Map out your plan and follow through. Decide when you will take your classes, when you will graduate, and when you will do an internship or research. Work backwards to schedule as you COMMUNICATE with your chair. Then do it!
Get up early and do as much as you can before school! It made all the difference for me and many of my classmates who also finished early or on time.
Something that worked very well for me was finding a thesis chair I wanted to work with and then choosing a topic from what they were interested in. This way they were equally invested in my research and helped drive it along. I also planned out my academic schedule for those two years and stuck to it. I was able to finish in 2 years while having a baby between semesters, so I’d say it worked pretty well.
Don’t reinvent the wheel when selecting an area of research. When it came time for me to nail down a thesis topic, I met with some faculty members to discuss their research and the projects in which they could use my help. By choosing research of a professor’s interest (or, better yet, already underway), you save yourself a lot of headache and can rest assured that you won’t be stumbling around in the dark. It doesn’t have to be your dream topic; it should teach you how to conduct good research and be doable within two years. Plus, if you end up with a topic you didn’t expect to pursue, you now have the opportunity to become an expert in something totally new to you.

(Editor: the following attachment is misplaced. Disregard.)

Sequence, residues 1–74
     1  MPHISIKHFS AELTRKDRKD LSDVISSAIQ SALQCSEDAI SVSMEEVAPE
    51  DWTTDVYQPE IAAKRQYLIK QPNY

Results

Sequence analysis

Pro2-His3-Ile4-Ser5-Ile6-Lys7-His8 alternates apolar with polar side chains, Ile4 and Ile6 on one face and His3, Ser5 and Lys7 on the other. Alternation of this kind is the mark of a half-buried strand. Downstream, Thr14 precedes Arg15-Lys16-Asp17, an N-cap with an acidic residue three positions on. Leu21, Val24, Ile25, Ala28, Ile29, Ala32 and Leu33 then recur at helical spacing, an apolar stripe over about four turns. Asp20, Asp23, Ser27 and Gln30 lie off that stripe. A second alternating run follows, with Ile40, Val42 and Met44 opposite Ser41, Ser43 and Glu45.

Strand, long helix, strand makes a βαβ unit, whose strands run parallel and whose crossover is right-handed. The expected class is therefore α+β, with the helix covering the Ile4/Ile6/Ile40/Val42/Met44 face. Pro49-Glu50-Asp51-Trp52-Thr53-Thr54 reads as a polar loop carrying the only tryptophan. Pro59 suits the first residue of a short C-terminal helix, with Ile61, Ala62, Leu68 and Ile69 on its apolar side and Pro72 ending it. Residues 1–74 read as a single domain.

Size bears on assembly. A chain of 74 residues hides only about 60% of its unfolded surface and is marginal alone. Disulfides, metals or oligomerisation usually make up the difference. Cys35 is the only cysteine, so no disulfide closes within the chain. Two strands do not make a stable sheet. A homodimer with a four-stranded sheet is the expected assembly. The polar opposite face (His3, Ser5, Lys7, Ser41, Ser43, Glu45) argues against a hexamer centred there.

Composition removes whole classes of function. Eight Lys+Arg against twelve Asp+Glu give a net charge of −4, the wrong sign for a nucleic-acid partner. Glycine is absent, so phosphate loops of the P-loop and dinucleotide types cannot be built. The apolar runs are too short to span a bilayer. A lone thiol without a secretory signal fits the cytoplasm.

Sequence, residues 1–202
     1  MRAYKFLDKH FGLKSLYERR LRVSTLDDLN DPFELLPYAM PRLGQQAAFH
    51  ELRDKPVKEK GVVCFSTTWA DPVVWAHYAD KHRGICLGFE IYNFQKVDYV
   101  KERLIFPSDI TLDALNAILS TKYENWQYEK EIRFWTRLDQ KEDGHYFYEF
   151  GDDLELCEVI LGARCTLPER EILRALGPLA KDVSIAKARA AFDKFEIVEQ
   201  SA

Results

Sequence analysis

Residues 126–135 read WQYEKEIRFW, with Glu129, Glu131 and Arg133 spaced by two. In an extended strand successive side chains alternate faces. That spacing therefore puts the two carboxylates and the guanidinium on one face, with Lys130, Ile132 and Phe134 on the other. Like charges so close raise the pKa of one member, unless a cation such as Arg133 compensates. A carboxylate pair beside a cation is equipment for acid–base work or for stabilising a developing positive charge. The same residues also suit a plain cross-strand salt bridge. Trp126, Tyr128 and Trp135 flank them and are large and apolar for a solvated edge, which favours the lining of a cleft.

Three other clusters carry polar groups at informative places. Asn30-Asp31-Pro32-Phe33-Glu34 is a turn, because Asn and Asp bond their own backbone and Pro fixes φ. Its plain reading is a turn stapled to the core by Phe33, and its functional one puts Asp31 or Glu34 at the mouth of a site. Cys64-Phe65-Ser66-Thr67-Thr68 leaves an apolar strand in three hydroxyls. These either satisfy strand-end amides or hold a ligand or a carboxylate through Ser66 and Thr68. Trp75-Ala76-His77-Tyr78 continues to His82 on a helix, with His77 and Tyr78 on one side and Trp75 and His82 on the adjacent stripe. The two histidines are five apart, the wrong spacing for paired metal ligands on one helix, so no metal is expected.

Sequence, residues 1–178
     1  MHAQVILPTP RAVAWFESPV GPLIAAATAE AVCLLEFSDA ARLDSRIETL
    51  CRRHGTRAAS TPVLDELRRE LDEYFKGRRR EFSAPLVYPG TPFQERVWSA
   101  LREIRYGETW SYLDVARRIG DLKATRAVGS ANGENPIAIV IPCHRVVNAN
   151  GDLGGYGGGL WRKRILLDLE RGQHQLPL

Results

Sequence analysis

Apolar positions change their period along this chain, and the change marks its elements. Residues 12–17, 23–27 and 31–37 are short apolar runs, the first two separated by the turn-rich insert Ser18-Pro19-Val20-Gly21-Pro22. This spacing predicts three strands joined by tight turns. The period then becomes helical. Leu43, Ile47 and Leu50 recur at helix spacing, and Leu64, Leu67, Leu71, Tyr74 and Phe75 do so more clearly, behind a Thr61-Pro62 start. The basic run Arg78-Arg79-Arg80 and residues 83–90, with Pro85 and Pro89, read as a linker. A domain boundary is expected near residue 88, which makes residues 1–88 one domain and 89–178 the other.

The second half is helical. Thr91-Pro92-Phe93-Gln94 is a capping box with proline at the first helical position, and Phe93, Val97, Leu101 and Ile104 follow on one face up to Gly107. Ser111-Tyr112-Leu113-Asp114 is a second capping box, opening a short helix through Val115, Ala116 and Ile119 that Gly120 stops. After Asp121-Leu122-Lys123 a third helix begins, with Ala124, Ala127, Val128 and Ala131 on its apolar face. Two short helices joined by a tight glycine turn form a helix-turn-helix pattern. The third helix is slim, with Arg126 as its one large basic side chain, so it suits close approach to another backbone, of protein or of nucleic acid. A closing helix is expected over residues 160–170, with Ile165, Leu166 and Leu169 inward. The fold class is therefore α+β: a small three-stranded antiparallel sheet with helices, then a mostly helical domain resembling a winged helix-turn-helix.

The most important part of grad school is having a stress outlet. You will be stressed your first semester. Everyone was. The people who had stress outlets and made time for them, whether it was running, horseback riding, or a music group, were the people who finished their theses the fastest. You will never have time, so you have to make time. Also know that it is impossible to do all of the readings unless you learn how to skim. I once had 150 pages of reading for just one night of homework. So get good at learning how to read fast.